South African police attack and arrest striking workers at Ekapa diamond mines 

Hundreds of NUMSA members began a strike at the Ekapa diamond mines on August 7. On August 10, police forces arrested 43 striking workers after attacking the picket line with water cannons and tear gas

August 11, 2023 by Peoples Dispatch
NUMSA Ekapa mine strike South Africa
NUMSA members on strike at the Ekapa diamond mines in the Northern Cape province. (Photo: NUMSA)

Almost 700 workers employed at the Ekapa diamond mines in South Africa’s Northern Cape province began an indefinite strike on August 7. Organized by the National Union of Metalworkers of South Africa (NUMSA), workers have downed their tools in rejection of the “starvation wage” they are currently being paid. 

On Thursday, August 10, as workers were picketing outside the mines, formerly owned by the De Beers mining company, the police deployed water cannons and fired tear gas in an attempt to disperse them. Police then proceeded to arrest 43 workers, NUMSA regional organizer Tshepo Mokhele, who was present at the picket, told Peoples Dispatch. The workers were granted bail on August 11. 

NUMSA issued a 48-hour strike notice to Ekapa on August 4, following which the company threatened to lock out workers if they went ahead with the action, the union said in a statement on August 7. The striking workers, which include permanent, contractual, and trainee workers, represent over half of the 1,200 workers employed at the mine.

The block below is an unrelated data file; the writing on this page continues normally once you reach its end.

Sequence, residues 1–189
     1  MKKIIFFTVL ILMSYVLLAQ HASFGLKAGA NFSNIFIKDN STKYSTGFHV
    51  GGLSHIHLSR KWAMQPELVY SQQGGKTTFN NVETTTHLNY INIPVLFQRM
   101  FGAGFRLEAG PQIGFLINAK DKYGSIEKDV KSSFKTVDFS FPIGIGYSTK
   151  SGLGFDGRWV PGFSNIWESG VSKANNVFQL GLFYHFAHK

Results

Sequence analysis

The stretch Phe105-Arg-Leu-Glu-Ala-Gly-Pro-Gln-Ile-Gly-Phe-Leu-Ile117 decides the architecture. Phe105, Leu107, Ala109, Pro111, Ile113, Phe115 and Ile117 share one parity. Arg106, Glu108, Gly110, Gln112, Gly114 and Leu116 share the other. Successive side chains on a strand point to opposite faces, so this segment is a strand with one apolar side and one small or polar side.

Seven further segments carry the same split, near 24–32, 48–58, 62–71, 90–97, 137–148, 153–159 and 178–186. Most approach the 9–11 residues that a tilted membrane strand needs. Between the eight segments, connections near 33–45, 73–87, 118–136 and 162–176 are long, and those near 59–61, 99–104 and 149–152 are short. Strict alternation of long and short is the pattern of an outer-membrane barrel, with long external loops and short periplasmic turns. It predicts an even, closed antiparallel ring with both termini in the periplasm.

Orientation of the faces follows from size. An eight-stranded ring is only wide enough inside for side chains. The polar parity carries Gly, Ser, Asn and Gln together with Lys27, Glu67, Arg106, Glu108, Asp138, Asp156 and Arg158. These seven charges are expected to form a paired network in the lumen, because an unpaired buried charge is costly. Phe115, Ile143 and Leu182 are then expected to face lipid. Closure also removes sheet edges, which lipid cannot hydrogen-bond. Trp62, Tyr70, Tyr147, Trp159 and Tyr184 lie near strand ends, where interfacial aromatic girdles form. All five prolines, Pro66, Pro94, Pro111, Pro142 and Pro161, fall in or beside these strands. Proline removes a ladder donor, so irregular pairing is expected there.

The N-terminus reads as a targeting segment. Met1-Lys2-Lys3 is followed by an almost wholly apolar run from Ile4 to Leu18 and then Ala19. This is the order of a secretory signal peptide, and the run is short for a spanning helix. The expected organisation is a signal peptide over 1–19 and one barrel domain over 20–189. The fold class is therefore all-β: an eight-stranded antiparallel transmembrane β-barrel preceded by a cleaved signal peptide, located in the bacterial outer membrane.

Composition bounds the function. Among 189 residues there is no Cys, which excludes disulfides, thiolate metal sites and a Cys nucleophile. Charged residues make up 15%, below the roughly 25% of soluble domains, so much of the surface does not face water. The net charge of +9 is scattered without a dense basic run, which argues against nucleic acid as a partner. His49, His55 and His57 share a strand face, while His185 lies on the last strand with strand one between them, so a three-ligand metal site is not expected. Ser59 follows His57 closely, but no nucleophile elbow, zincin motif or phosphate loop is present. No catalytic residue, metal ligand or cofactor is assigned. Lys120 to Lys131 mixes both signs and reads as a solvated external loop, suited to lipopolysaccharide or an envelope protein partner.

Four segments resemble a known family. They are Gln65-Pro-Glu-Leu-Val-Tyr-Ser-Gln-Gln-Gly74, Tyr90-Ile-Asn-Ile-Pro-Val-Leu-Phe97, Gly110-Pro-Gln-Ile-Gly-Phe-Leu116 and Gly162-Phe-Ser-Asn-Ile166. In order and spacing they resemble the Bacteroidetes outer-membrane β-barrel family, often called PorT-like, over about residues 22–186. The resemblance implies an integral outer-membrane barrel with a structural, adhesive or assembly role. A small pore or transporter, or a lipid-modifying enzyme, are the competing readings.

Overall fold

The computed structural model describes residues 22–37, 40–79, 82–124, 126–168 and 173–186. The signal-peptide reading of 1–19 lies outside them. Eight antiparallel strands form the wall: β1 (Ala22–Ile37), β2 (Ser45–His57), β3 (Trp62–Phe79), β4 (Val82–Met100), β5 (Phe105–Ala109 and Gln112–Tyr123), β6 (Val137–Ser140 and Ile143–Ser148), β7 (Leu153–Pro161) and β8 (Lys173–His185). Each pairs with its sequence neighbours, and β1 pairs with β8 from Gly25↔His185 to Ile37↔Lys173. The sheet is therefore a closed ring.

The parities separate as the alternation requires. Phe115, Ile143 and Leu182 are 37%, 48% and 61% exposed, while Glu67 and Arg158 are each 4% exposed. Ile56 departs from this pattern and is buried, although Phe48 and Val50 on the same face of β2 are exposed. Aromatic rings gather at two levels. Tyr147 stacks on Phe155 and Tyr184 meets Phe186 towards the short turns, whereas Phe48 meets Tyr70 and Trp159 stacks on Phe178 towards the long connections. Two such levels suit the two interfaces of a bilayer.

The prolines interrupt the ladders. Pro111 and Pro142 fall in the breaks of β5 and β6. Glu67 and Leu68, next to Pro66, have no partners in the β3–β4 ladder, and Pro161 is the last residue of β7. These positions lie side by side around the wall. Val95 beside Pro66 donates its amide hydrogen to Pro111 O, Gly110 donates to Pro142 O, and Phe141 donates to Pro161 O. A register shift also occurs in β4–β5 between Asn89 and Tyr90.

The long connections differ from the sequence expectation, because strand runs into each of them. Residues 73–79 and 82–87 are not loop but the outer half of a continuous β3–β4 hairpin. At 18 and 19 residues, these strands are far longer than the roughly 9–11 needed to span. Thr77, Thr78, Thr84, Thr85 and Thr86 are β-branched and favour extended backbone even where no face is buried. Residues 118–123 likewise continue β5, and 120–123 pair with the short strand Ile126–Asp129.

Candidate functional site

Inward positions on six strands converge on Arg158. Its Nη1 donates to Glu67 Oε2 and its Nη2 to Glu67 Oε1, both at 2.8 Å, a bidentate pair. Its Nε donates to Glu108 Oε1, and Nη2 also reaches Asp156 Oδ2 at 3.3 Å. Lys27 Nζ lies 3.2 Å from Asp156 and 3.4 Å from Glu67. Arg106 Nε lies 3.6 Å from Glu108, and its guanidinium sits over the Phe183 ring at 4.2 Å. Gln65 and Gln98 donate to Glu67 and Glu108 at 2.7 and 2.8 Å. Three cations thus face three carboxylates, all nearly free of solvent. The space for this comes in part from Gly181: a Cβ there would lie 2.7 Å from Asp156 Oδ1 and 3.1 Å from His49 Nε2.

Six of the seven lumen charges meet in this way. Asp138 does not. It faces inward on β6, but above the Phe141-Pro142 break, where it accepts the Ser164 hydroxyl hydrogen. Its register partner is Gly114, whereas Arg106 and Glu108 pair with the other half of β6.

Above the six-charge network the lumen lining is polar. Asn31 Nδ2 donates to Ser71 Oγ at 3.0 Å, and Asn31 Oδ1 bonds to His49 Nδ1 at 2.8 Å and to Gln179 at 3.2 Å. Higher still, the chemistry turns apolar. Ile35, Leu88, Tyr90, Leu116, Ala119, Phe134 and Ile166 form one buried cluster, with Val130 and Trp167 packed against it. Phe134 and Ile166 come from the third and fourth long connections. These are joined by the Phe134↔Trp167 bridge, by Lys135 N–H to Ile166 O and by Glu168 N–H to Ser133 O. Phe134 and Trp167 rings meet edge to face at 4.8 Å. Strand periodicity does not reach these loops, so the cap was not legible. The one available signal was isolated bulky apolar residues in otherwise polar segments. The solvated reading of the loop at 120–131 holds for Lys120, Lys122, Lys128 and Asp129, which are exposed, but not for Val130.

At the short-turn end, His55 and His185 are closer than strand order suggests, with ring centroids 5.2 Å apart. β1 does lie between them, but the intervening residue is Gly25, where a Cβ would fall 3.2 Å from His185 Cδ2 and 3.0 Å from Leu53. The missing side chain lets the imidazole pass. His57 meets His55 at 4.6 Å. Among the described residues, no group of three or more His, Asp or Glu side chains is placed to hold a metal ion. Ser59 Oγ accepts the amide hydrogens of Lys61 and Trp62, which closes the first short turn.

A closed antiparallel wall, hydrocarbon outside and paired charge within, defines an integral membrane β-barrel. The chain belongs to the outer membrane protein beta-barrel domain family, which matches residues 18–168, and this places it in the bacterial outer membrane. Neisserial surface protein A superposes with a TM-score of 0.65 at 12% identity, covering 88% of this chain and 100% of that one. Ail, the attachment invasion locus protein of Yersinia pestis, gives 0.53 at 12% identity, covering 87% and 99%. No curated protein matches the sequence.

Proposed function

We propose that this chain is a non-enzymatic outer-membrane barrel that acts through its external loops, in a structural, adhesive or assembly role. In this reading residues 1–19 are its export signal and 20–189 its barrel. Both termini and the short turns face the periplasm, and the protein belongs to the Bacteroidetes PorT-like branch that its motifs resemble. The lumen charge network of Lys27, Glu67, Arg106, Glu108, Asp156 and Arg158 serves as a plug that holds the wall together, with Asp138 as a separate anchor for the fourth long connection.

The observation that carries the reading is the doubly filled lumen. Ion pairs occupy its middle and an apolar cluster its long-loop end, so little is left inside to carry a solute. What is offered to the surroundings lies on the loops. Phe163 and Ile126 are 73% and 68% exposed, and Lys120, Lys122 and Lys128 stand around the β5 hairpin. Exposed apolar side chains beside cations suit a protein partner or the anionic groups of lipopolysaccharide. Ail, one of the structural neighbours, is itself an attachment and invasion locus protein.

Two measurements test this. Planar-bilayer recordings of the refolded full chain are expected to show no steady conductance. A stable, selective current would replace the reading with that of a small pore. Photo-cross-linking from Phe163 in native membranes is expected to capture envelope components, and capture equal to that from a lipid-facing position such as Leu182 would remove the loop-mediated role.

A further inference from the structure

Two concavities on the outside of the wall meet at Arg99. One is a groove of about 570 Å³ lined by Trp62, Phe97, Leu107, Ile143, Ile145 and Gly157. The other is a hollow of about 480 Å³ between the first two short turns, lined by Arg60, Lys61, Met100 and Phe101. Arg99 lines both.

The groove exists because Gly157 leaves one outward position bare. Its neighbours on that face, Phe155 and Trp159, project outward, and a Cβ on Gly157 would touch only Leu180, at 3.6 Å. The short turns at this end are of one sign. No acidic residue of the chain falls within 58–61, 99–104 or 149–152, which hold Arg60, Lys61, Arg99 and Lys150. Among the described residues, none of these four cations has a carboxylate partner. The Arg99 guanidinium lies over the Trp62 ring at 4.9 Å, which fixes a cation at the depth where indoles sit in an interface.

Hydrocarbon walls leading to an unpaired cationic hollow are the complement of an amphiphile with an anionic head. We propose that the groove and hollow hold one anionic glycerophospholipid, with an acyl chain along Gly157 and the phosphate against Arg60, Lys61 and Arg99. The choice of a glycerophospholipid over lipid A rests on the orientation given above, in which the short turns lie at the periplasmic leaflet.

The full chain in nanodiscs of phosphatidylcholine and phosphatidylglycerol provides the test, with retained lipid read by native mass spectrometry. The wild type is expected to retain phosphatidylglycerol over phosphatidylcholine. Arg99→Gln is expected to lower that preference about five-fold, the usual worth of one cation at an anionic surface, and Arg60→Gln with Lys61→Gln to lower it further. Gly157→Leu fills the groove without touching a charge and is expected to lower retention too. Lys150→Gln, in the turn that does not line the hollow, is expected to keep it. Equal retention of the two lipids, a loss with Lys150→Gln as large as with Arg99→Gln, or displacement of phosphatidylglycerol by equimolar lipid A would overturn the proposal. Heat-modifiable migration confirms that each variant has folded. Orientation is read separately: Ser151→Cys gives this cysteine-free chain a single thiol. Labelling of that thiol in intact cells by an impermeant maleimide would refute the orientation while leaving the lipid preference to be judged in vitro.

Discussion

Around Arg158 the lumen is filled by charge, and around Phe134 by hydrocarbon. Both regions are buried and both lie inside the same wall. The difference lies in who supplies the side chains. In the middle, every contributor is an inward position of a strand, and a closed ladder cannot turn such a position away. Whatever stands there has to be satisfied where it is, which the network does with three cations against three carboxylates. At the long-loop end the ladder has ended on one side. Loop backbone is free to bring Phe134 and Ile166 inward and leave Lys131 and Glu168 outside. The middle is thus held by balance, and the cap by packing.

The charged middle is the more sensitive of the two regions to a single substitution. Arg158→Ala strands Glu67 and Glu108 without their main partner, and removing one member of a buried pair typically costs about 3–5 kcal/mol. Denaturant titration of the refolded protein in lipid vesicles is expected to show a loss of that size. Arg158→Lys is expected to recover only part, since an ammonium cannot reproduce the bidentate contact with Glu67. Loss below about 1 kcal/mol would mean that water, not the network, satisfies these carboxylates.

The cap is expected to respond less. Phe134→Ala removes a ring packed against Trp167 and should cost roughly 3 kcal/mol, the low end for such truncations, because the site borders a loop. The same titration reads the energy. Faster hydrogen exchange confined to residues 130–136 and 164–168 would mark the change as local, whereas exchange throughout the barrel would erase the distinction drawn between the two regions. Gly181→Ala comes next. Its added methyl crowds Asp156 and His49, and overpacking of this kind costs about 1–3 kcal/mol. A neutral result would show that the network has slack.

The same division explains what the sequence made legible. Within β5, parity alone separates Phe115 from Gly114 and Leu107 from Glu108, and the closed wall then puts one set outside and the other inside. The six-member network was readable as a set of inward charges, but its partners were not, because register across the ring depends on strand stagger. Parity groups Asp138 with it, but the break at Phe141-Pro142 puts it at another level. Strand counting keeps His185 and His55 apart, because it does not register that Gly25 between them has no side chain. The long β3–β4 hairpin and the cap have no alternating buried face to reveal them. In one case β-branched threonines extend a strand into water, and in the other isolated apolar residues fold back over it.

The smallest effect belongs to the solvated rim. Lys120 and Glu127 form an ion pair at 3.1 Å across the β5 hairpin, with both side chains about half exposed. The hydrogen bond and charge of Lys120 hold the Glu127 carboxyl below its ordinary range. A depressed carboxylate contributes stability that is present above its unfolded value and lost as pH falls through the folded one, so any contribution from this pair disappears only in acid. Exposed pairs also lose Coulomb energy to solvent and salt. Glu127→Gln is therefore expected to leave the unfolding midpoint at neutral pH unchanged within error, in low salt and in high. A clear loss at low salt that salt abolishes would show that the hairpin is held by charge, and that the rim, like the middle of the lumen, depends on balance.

Among the key demands being raised by the workers is a 17% wage increase and an entry level salary of R17,500 (USD 930.2). Workers have also sought a one-off payment of ex gratia funds amounting to R10,000 (USD 530.1). 

Ekapa mine strike South Africa
Hundreds of NUMSA members working at the Ekapa diamond mines launched an indefinite strike on August 7. (Photo: NUMSA)

According to NUMSA, the current entry level salary is R5,700 (USD 302.9) per month. For context, the cost of an average household food basket for the month of July, as calculated by the Pietermaritzburg Economic Justice and Dignity (PMBEJD) group, stood at R5,082.94 (USD 270). 

Workers have also demanded that the housing allowance be increased to R2850 (USD 151.3) and medical allowance to R2650 (USD 140.6) per month. They have asked for an agreement for one year, back-dated to March 1. 

Ekapa responded with a counter-offer of a 6.5% wage increase and a three-year agreement. Meanwhile, the company has provided a 17% wage increase solely for workers in the “C-band” category (which includes workers who are qualified to conduct blasting operations in the mines). 

“NUMSA condemns the mine management for dividing workers…Our members are earning peanuts, whilst they are also expected to risk their lives underground mining for diamonds,” NUMSA General Secretary Irvin Jim said in a statement. 

After the strike began, Jim tried to engage with the chief executive at Ekapa mines attempting find a solution but the “CEO was very arrogant and did not want to budge on any of these demands,” Mokhele said. 

“For the last five years the employers have not implemented any effective wage increase for the workers…their salaries have been stagnant. The employers have not put on the table an increase that will sustain the livelihoods of these comrades.” 

As the workers continue their picket, Ekapa has sought an interim interdiction, the court hearing for which is scheduled for September 11.